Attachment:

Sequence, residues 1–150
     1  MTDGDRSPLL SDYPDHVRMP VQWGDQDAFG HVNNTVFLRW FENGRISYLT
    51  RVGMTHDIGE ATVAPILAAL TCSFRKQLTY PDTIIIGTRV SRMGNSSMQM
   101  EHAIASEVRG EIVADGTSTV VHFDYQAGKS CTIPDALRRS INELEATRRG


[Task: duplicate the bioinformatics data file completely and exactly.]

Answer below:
Sequence, residues 1–150
     1  MTDGDRSPLL SDYPDHVRMP VQWGDQDAFG HVNNTVFLRW FENGRISYLT
    51  RVGMTHDIGE ATVAPILAAL TCSFRKQLTY PDTIIIGTRV SRMGNSSMQM
   101  EHAIASEVRG EIVADGTSTV VHFDYQAGKS CTIPDALRRS INELEATRRG